Borghelli said he did not know whether Houston’s ambulance service pays for itself.

PROFITS AND LOSSES

Weighing the pros and cons of keeping ambulance service within a hospital, “There are huge advantages on both sides of the street,” said Courtney Terwilliger, who runs a hospital-based ambulance service in Swainsboro. “I have tax breaks because I’m government-funded, but private companies tend to be more efficient in how they move.”

In his e-mail to employees, Faulk basically said the hospital should keep its ambulance service because it makes a reasonable profit, provides better quality care and helps the hospital get patients. Hinson disputes those claims.

Operating the Medical Center ambulance service is expected to cost about $5 million this year, said Cindy Busbee, assistant vice president for corporate communications, in an e-mail. It is expected to earn about $300,000 in profit, based on an average of revenue and expenses for the first four months of fiscal 2009, she said.

Hinson, who developed an ambulance-specific accounting system that grew into its own business, said he believes the Medical Center is actually losing about $2.4 million on its ambulance service.

He calculated that estimate using his own model, without access to the Medical Center’s actual financial information.

Hinson suggested that because the Medical Center takes money from Bibb County, the hospital should be asked to provide financial information to an objective accountant who could analyze whether ambulance service is actually profitable for the hospital.

“As long as they’re getting any money from the county, ... they shouldn’t be able to say, ‘We’re good, don’t worry about it,’’ ’ he contended.

Hinson said he thinks he could make the ambulance service more profitable because “one department of a hospital can’t be as flexible as we can.” He would not say how much profit he thinks Mid Georgia could make.

He estimates that Mid Georgia could transport more patients per hour. And a private company is more diligent about bill collection for ambulance service than a hospital, which has bigger bills to focus on, he said.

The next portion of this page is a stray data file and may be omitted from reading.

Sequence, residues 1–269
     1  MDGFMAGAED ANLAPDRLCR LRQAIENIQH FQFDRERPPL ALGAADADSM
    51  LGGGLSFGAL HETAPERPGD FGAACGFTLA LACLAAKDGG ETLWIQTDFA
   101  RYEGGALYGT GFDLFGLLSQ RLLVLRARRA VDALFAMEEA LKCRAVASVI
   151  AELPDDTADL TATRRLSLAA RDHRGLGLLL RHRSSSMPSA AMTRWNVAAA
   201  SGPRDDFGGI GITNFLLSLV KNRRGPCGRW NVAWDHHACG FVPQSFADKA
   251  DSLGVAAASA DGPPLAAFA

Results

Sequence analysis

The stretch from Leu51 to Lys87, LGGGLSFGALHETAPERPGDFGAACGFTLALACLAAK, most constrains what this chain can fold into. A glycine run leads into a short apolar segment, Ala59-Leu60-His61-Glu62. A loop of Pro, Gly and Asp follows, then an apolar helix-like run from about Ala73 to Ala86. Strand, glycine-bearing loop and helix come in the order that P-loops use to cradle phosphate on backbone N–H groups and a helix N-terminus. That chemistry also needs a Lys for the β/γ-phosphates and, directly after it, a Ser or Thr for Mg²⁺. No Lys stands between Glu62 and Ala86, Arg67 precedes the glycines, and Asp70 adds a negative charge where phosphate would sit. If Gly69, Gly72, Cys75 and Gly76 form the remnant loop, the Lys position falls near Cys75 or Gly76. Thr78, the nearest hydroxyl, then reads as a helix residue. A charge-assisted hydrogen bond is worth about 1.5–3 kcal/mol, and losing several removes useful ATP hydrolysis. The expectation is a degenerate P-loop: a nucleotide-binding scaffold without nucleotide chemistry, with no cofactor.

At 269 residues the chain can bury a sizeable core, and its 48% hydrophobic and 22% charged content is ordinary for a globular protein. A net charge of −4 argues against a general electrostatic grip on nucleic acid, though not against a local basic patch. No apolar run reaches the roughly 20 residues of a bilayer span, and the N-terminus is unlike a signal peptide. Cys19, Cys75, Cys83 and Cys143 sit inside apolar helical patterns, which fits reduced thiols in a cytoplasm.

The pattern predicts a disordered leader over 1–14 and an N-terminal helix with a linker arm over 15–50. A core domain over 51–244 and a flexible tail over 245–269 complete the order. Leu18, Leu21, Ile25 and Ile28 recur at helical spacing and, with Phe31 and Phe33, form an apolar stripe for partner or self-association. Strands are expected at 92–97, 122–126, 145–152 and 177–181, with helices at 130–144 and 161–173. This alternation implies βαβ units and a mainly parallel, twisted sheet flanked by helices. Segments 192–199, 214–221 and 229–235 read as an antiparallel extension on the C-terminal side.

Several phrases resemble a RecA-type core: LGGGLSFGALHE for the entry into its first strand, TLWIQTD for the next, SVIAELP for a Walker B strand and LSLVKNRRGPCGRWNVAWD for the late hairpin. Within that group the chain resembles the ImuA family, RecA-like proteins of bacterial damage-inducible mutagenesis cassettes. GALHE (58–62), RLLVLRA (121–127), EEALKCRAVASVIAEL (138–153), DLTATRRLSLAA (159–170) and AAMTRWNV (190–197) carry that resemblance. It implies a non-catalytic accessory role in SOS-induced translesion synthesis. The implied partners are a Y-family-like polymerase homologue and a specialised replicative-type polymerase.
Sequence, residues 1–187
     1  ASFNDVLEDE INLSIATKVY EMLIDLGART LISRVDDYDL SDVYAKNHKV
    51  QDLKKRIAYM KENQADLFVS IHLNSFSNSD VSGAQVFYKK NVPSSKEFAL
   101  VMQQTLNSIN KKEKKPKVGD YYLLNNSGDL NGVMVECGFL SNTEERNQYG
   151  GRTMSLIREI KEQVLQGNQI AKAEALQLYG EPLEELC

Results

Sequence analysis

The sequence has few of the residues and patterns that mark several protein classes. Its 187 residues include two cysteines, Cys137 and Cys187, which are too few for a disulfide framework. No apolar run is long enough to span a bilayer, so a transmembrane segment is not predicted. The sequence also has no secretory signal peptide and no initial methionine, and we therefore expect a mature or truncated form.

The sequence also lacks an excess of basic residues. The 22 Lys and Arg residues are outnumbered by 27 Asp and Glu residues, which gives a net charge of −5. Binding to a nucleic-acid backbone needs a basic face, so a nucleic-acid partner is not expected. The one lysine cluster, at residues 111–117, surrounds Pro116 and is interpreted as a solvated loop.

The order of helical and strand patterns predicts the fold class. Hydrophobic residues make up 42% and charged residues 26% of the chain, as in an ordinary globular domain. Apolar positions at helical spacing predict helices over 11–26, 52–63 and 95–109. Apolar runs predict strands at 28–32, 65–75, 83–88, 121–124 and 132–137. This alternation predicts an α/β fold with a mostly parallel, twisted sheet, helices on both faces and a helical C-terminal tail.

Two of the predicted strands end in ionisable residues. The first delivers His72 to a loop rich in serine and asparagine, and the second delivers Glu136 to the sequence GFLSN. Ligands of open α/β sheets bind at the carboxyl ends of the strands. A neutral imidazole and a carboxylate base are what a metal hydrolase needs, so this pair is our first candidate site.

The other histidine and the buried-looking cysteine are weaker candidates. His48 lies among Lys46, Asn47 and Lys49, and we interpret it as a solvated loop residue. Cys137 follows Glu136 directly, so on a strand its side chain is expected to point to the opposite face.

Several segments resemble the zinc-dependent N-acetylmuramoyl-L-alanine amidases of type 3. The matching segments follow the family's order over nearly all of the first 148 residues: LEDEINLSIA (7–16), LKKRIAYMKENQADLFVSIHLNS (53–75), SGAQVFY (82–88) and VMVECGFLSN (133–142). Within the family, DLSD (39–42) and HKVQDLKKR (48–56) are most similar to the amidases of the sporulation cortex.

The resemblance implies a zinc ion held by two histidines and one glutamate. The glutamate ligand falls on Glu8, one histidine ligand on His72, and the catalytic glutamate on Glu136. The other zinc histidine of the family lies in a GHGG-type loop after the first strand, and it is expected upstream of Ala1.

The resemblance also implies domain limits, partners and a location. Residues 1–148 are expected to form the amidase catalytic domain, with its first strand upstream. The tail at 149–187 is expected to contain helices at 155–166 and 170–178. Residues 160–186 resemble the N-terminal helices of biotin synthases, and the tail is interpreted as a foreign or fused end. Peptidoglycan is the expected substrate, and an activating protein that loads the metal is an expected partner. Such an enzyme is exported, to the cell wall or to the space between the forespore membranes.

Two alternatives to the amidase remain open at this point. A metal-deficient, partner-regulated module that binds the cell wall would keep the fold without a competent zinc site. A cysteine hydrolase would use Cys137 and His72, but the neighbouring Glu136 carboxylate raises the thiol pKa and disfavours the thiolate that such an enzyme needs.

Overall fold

Burkett said Athens Regional determined that private companies successfully collect more than a hospital department.

AMBULANCE DESTINATIONS

In an interview several weeks ago, Faulk said owning the ambulance service ensures that the hospital gets more paying patients.

Legally, any ambulance must take a patient to his or her preferred hospital. But if the patient has no preference or is not well enough to express one, emergency responders decide.

Because the Medical Center treats the majority of the uninsured in Bibb County, it needs insured patients to subsidize the cost of doing business. Controlling the ambulance service ensures that the hospital gets both paying and nonpaying customers, Faulk said.

Terwilliger, who is chairman of the state Emergency Medical Service Advisory Council, said most hospital-based ambulance services predate the current zoning system, created 25 to 30 years ago.

Until then, hospital ambulance services sometimes dangerously raced each other to accident scenes to try to score patients.

Faulk said that in Macon, paying patients come disproportionately from north Bibb County. In his e-mail to employees, Faulk wrote, “It is to our strategic advantage to have ‘presence’ and our name out in the community, specifically on the northside of town.”

But Mid Georgia Ambulance already serves most of north Macon. And in the 12 months ending July 31, Mid Georgia took 62 percent of its Bibb County patients to the Medical Center, Hinson said.

He said Mid Georgia Ambulance has a rule that all patients ages 15 or younger must be taken automatically to the Medical Center, which is best equipped to treat children.

During Athens negotiations, how patients would be routed was not discussed because the hospitals didn’t want to violate antitrust laws, Burkett said.

But since National EMS took over in March, Athens Regional has not seen a significant change in the number of patients delivered by ambulance, or in the ratio of insured to uninsured patients, he said.

Information from The Telegraph archives contributed to this article.

To contact writer Heather Duncan, call 744-4225.